"I want to sincerely apologize FIRST to the lineswoman, Kim Clijsters, the USTA and mostly tennis fans everywhere for my inappropriate outburst," the statement said. "I'm a woman of great pride, faith and integrity, and I admit when I'm wrong. I need to make it clear to all young people that I handled myself inappropriately and it's not the way to act -- win or lose, good call or bad call in any sport, in any manner."

During the trophy ceremony, emcee and ESPN analyst Patrick McEnroe gave Serena two chances to elaborate on those written statements. She deflected the questions, and the sparse crowd booed when McEnroe asked a second follow-up. Venus then leaned into the microphone and said, "I think what the crowd is saying is, 'Patrick, let's move on.'"

Serena Williams was fined $10,500 by the U.S. Open, the maximum allowable financial penalty "on site," according to USTA senior director of public relations Chris Widmaier. U.S. Open tournament director Jim Curley said the fine was for Williams' "threatening manner" and added in an interview that the tournament considered -- and decided against -- preventing Williams from participating in the doubles final.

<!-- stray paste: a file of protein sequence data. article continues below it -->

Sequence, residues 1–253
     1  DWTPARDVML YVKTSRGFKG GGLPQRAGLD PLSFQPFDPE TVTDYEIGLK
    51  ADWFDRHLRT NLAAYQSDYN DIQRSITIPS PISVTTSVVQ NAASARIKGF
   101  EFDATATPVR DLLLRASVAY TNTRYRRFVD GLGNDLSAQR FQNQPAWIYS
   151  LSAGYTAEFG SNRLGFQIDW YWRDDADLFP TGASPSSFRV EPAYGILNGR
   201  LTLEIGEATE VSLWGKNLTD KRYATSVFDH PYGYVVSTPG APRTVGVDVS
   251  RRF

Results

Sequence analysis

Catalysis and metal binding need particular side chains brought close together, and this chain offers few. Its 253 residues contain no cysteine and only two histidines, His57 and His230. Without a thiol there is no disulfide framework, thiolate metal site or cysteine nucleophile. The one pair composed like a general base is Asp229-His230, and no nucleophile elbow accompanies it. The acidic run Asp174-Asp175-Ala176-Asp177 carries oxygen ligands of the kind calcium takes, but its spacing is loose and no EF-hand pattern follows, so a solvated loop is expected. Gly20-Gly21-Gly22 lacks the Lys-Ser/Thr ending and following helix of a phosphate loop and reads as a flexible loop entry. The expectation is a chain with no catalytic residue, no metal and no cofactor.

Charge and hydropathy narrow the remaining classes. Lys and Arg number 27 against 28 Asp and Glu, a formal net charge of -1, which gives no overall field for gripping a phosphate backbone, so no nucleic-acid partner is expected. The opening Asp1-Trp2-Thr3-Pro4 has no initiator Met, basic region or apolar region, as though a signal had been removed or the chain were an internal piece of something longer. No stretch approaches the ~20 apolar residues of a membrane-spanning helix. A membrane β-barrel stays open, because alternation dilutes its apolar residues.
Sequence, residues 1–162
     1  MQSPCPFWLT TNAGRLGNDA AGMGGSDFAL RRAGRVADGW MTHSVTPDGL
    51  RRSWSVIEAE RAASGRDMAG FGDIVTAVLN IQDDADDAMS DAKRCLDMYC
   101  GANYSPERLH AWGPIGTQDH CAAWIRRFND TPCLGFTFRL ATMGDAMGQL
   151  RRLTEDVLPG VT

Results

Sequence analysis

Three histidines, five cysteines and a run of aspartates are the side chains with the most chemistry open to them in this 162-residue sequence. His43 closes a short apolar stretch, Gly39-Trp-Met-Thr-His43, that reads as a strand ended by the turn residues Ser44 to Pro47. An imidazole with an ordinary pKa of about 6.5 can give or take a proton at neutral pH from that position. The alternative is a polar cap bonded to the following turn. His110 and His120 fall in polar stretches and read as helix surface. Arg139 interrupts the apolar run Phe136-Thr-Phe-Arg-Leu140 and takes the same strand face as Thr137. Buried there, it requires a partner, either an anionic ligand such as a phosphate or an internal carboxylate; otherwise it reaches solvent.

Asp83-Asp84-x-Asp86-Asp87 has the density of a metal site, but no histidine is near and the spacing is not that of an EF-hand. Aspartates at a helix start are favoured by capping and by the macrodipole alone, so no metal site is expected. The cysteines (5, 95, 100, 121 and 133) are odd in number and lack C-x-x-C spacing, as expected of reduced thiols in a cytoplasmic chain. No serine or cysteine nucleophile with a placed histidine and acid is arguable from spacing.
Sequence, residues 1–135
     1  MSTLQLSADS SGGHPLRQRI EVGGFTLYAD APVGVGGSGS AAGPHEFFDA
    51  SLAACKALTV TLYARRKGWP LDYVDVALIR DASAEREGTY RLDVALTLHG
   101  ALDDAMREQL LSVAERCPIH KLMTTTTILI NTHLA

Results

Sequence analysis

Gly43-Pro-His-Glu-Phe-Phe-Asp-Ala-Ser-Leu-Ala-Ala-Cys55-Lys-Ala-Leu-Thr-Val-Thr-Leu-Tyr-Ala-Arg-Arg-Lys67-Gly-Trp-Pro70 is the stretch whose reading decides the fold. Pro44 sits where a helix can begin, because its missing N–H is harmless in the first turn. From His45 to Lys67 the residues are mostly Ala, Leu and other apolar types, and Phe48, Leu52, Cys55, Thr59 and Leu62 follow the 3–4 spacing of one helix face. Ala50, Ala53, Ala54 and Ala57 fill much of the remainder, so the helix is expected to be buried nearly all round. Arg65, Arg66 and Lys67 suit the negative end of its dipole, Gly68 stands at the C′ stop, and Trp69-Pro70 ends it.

Another shoe could drop in the form of additional fines or a suspension from the next Grand Slam event. International Tennis Federation executive director Bill Babcock will review the incident and recommend whether further action should be taken by the Grand Slam committee, which is made up of representatives of all four majors. He told ESPN.com the process, which includes interviewing the parties involved, probably will take several weeks.

Williams could face forfeiture of prize money and/or suspension from one or more Grand Slams. The only recent precedent for the latter was in 1995 when American player Jeff Tarango cursed out a chair umpire at Wimbledon in midmatch and stormed off the court. He was fined $63,000 and suspended for two Grand Slam tournaments.

Widmaier cited privacy reasons for the decision not to release the line judge's name, and said that she had left the country without incident. "She must have been a well-ranked line judge, or she wouldn't have been working a Grand Slam semifinal," he said.

Widmaier told ESPN.com that Williams' fine money will be channeled into the Grand Slam development fund, which finances grassroots tennis around the world.

The doubles match marked Serena Williams' first appearance at the U.S. Open grounds since the incident. She appeared on stage at the MTV Video Music Awards ceremony in Manhattan Sunday night and introduced the artist known as Pink with a reference to her own situation.

"Because she'll be soaring high above Radio City's stage, she won't have to worry about stepping on any lines," Williams said.

Bonnie D. Ford covers tennis and Olympic sports for ESPN.com. She can be reached at bonniedford@aol.com.

Bonnie D. Ford

Enterprise and Olympic Sports
Bonnie D. Ford is a senior writer for ESPN.com.